In addition to better pre-intubation preparation, the timing of intubation may also play a role in intubation success and TIAE development. There was a higher incidence of TIAEs observed during nights and weekends. Diving deeper into the data, intubations occurring during nights and weekends were independently associated with higher occurrences of adverse TIAEs, even after controlling for patient factors, site-level clustering, and excluding non-emergent intubations which tended to occur during the daytime. Additionally, the PICUs with home-call attending physician coverage had significantly higher TIAEs during nights and weekends, compared to programs with in-house PICU attending coverage. However, attending presence at the bedside for the intubation, whether already in-house or coming in from home, was not associated with an occurrence or reduction in TIAEs.8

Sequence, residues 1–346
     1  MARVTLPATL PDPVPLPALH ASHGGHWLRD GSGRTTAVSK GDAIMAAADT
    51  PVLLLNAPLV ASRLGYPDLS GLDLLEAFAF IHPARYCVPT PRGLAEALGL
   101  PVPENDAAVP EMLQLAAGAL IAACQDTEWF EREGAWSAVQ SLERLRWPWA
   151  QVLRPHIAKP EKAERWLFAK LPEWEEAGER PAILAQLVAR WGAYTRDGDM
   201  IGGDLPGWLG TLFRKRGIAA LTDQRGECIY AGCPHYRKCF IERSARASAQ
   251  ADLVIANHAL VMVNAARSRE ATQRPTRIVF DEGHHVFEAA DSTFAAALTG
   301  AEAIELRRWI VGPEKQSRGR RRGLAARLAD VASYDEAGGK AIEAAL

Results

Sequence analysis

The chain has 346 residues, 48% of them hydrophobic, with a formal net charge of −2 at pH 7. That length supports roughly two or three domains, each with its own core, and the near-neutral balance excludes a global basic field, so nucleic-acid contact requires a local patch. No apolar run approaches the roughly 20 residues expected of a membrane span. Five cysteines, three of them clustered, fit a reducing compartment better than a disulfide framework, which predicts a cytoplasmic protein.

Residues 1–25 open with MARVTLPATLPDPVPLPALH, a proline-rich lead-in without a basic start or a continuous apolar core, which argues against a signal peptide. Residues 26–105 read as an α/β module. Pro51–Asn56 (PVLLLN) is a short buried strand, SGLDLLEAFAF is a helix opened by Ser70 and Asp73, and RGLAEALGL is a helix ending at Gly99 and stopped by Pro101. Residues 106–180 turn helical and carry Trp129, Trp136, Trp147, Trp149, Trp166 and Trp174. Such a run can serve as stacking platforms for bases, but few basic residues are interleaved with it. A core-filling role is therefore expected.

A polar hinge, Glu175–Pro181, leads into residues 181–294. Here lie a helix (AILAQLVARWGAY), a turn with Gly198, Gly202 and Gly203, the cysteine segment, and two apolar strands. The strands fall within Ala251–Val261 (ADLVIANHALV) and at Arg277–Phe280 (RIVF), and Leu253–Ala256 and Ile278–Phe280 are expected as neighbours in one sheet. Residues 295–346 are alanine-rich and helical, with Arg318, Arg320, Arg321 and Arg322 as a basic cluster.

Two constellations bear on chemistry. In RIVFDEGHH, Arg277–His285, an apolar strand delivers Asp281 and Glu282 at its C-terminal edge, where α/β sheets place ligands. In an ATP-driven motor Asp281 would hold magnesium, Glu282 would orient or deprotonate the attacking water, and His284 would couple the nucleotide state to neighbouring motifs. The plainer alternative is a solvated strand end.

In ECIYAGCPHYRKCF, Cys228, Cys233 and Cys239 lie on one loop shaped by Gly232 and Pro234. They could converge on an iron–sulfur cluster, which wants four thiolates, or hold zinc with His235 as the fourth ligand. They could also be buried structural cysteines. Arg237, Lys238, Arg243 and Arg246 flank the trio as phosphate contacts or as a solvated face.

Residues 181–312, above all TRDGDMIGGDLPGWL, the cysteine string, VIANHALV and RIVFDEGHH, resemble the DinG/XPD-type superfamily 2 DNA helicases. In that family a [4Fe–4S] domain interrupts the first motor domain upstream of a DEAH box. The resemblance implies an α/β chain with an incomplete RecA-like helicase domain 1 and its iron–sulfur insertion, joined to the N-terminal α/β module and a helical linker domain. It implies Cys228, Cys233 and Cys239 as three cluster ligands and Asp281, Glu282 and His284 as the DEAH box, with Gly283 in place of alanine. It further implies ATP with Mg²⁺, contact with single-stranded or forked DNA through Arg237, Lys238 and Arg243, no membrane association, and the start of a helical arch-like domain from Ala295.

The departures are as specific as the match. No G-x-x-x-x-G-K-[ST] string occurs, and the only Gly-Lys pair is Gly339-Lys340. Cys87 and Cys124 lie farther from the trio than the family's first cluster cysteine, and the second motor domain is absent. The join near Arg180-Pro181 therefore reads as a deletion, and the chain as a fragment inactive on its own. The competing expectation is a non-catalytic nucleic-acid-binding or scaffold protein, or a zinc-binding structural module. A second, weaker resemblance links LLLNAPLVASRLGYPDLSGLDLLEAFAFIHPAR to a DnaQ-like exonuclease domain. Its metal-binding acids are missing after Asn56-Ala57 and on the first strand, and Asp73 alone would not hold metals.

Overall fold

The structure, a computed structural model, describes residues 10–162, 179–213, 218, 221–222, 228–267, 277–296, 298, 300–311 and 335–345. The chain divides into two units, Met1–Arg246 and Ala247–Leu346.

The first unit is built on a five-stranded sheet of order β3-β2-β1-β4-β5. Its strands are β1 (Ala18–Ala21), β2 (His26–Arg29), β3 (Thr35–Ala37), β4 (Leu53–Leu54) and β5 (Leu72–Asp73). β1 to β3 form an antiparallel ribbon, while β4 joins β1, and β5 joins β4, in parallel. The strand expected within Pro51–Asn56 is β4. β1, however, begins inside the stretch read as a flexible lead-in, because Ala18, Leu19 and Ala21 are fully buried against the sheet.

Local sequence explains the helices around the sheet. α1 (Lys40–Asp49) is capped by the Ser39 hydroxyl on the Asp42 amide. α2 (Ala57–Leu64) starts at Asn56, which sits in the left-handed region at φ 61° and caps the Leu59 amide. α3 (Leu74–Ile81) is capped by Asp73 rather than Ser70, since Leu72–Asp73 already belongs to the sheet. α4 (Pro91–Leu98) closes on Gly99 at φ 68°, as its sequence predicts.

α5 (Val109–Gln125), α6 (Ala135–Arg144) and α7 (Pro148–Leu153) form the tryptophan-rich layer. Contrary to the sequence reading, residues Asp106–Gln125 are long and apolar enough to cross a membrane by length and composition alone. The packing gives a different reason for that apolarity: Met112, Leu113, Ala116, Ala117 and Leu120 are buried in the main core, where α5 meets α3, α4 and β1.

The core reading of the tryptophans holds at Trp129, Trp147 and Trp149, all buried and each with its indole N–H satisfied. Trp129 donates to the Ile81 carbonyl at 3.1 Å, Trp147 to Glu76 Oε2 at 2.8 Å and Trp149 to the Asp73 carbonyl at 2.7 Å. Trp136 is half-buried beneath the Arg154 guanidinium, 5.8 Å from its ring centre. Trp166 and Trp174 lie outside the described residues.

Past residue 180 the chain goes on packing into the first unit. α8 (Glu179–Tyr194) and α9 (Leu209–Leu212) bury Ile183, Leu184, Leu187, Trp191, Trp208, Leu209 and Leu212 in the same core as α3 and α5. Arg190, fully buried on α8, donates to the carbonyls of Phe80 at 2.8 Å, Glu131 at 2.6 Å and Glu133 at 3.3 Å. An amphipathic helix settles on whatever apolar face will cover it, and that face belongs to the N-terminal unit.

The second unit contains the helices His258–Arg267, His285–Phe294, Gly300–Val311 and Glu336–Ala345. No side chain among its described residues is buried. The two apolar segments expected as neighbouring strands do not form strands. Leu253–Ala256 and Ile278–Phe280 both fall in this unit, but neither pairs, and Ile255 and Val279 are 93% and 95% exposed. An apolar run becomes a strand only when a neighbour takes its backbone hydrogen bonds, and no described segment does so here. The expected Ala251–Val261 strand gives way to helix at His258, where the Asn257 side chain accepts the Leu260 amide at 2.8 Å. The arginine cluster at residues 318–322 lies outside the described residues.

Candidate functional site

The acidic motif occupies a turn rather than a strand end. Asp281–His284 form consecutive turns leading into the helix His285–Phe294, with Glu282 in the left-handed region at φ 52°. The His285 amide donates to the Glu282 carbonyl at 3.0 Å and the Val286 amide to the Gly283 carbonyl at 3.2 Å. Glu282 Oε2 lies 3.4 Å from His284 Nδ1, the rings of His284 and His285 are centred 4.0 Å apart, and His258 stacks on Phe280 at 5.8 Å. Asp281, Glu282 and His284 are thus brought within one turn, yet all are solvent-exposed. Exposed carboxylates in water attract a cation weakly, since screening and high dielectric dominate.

Since non-invasive ventilation (NIV) is so widely used, the NEAR4KIDS group evaluated whether delaying intubation with NIV was associated with TIAEs. There are some conflicting reports in smaller preliminary studies analyzing primary intubation versus intubation after NIV failure. In a study conducted in Canada, severe TIAEs and desaturation occurred in 41% of patients after NIV failure versus 24% of patients after primary intubation. Though the percentages would suggest a difference, these did not reach statistical significance, likely due to the small patient population studied. However, NIV failure was associated with longer PICU length of stay and longer duration of ventilator dependence. Additionally, FiO2>70% on NIV was significantly associated with severe TIAEs.9 In a similar study conducted in the USA, there was no statistical difference in TIAEs, desaturation, length of ventilator support, or duration of PICU stay between a primary intubation group and NIV failure group. There was also no significant difference in training level of the primary laryngoscopist or number of intubation attempts required between the two groups.10 A larger study of intubation after NIV failure is being conducted currently but is yet to be published.